Supported by: NSF (IBN03-16083) and USAMRMC Dept. of Defense BCRP (BC051001)

Mecamylamine as Augmentation Treatment for Depressed Patients Who Were Poor Responders to Citalopram First Line Therapy

Geoffrey C Dunbar, MD VP Clinical Development, Targacept

Introduction: The STAR*D study re-emphasized the poor remission rates seen following first line treatment for depression. Mecamylamine is a broad spectrum nicotinic antagonist that has been used as a hypotensive agent (doses 25–90 mg daily) and with the mood/behavioral problems seen in Tourette’s disorder (2.5–7.5 mg daily). In a small pilot study, mecamylamine was added single-blind to patients who had an inadequate response on SSRI antidepressant medication and was found to be more effective than placebo. The present study assessed in a larger population the effectiveness of mecamylamine, as an augmentation treatment for depressed patients who were poor responders to first line treatment with citalopram.

Methods: Male or female subjects aged 18–70 suffering from Major Depressive Disorder according to DSM-IV criteria with a Hamilton Depression Rating Scale (HAMD-17) score of > 21 and a Clinical Global Impression–severity of illness score (CGI-S) ≥ 4 were started on open label citalopram therapy. The dose of citalopram was increased from 20 to 40 mg over a 6-week period. At the end of treatment, subjects with a HAMD-17 score ≥ 14 and a CGI-S ≥ 4 were considered non-responders and were randomized into the double blind (DB) phase of the trial. This lasted 8 weeks and subjects received either placebo or mecamylamine added to their citalopram therapy. The dose of mecamylamine could be increased from 5 to 7.5 to 10 mg at the investigator’s discretion.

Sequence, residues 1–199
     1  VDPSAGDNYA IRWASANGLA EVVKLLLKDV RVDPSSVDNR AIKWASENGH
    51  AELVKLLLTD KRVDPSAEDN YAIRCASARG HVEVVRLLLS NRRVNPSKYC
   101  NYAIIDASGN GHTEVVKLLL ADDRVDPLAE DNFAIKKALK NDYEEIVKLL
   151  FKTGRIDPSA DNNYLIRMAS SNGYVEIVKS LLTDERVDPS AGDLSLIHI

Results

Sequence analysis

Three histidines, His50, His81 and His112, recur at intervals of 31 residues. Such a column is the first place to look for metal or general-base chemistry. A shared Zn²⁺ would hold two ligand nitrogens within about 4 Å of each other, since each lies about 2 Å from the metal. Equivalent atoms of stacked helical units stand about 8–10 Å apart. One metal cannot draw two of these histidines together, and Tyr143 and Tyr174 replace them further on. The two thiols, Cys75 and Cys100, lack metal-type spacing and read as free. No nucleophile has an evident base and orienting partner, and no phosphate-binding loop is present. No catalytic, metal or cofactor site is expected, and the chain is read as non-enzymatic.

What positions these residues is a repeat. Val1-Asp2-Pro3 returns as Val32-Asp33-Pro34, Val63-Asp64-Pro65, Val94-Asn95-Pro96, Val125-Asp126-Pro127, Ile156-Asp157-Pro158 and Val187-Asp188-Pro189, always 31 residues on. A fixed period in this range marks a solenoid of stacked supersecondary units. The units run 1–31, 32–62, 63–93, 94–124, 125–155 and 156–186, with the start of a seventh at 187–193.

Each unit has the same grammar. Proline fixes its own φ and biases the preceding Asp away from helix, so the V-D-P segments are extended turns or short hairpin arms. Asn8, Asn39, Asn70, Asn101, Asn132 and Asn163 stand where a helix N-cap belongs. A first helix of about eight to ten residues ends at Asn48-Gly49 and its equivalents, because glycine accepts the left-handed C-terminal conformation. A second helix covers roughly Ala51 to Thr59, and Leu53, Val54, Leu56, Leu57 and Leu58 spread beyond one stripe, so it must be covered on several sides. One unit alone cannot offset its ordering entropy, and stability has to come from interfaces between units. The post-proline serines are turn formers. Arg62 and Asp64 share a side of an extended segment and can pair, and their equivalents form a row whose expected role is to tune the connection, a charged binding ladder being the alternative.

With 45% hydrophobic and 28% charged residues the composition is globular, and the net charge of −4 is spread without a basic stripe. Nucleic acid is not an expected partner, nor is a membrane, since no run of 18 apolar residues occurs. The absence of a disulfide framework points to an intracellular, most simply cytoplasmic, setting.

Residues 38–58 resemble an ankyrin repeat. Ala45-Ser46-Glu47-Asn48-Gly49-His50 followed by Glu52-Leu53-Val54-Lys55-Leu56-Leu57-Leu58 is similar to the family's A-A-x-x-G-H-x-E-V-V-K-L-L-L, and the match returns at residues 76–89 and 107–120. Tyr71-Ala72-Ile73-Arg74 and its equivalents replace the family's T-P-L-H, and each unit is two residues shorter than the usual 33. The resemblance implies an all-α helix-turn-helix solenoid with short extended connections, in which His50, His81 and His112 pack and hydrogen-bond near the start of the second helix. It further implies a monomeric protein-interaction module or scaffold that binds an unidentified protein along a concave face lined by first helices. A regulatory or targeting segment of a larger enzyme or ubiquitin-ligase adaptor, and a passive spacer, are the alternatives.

Results: Of the 472 subjects enrolled, 450 entered the open label phase of the trial and 192 were randomized to DB medication. There were 184 subjects included in the analysis. Considering the primary measures, a statistically significant result was found in favor of mecamylamine on the HAMD-17 scale. Results favoring mecamylamine were also seen on the CGI-S, the Sheehan Disability Scale and the Sheehan Irritability Scale.

Conclusions: Mecamylamine as an augmentation treatment had positive effects for subjects who were poor responders to first line citalopram. Improvement in both depressed mood and symptoms of irritability suggest the compound may have a unique place in treating this group of patients with high unmet medical need.

A Combination of Antioxidants and Behavioral Enrichment as an Approach to Improving Cognition

Elizabeth Head, PhD Institute for Brain Aging and Dementia, Department of Neurology, University of California